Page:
Nathaniel Ballard

"Joining a writing circle in Second Life might be easier for some people than joining a real one, which might involve going to somebody’s home, or meeting with strangers in a church hall, things that might be difficult if you are a little shy."

Nathaniel Ballard aka BenBold Resident
(Picture by Raindrops/Gwen Enchanted)

Interview with Nathaniel Ballard

Camie Rembrandt: How long have you been using Second Life?

Nathaniel Ballard: I started in July 2011, so at the time of writing, a little over four years. A long-time Internet friend who had been writing vampire stories with me for ages started playing in a vampire-oriented SIM and persuaded me to come and have a go. Things escalated from there.

Camie Rembrandt: When did Second Life become important to your creative writing? Was it something that happened immediately after starting using this virtual world? Or did you have to wait a few months, maybe even years, before incorporating SL into your writing routine?

Nathaniel Ballard: At first, I was just there for the role-playing. I had been a table-top role-player for some 20 years before that, so Second Life was just an extension of that. Even so, I have always been more interesting in telling a story through role-play, rather than racking up the count of orcs killed and ‘levelling up’ (I was never one for just rolling 6 dice, looking at the numbers and saying, ok, this one is a cleric). I really enjoy the process of creating a character and giving them an interesting history and background, so creating the character of Nathaniel Ballard was creative writing. As was the role-play itself – I think of it as collaborative storytelling.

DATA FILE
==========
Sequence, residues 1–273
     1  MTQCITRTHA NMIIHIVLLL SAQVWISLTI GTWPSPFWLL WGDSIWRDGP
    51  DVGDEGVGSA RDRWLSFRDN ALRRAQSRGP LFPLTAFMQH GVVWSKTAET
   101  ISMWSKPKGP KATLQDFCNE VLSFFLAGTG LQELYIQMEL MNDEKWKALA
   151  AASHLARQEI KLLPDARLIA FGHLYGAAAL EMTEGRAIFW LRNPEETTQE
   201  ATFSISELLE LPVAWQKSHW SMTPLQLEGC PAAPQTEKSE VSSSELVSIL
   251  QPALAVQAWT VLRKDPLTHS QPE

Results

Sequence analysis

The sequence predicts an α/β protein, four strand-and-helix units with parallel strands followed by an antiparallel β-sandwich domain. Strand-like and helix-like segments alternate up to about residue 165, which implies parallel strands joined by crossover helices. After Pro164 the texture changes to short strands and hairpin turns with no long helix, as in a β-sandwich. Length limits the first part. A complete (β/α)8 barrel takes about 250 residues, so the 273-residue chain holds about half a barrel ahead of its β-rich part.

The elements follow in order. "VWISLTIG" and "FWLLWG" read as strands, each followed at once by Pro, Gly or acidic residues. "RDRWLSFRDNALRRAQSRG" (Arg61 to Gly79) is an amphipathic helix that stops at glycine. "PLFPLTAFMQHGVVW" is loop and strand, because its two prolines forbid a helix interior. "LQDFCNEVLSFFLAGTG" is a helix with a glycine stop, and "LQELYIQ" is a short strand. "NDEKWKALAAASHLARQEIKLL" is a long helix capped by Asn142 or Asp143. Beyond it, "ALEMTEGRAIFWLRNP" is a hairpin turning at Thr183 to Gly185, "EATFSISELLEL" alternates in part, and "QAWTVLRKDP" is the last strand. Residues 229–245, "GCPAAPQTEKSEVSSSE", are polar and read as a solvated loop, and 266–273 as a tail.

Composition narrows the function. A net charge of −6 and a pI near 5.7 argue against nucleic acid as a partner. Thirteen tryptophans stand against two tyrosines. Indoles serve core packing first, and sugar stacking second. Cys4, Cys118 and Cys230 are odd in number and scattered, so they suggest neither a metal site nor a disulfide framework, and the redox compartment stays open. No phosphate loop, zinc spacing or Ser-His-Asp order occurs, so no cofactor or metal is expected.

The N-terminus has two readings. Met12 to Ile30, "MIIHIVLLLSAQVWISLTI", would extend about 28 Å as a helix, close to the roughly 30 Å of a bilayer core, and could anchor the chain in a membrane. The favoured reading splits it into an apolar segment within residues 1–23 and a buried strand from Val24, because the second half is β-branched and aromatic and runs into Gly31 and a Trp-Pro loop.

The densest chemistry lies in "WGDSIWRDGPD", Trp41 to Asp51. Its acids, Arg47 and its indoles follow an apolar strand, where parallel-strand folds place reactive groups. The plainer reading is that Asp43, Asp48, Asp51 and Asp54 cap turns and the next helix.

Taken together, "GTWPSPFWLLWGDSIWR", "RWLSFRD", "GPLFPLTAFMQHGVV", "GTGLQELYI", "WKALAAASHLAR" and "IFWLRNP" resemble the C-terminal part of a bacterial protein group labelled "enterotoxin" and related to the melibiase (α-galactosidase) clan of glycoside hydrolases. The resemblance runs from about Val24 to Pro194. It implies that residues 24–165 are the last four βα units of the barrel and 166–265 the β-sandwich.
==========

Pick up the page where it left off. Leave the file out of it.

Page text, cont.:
Later, I had the idea of turning Nathaniel’s IC diary into a blog, which is when the writing really took off, because I was writing each story twice – once as it happened in the mostly spontaneous RP and then later in terms of Nathaniel’s reflections on the day’s events and general ruminations on his life. Since Nathaniel, as a character, has an interest in writing, it also gave me the opportunity to experiment by stepping into Nathaniel’s shoes and writing as he would, rather than as I would. I also have blogs for some of my alt characters, but, like Nathaniel’s they have been somewhat neglected of late, due to lack of time.

Some while after that, I got involved with the Virtual Writers group on SL and became a regular at the Daily Dash in Milk Wood. There, I could be partaking in Second Life, by being at the Dash, and at the same time, developing writing projects that were not related to Second Life. In that respect, it has become an important part of my daily writing routine. Even if I otherwise have a busy day, I almost always try to make the Dash and do some writing.

Camie Rembrandt: Tell us a bit about what you do in Second Life, as a writer: do you write in-world, attend events, maybe host some of them, do you mentor other writers?

Nathaniel Ballard: I role-play as several different characters. My main is Nathaniel Ballard. He started out in a SIM called Legacies 1891. I started as a player character, then I got involved in being a greeter – hanging around at the hub to help new players and eventually was put in charge of the greeters. Later, I was invited to be a StoryTeller there, supervising scenes between other players, mentoring them, giving classes etc. When Legacies closed, I found a way to continue Nathaniel’s story, in other SIMs. I am on the StoryTeller team in the current one, as well as managing the SIM’s website. My other characters play in a World of Darkness SIM called Tavnoc by Night, where I quickly became a mentor and then StoryTeller.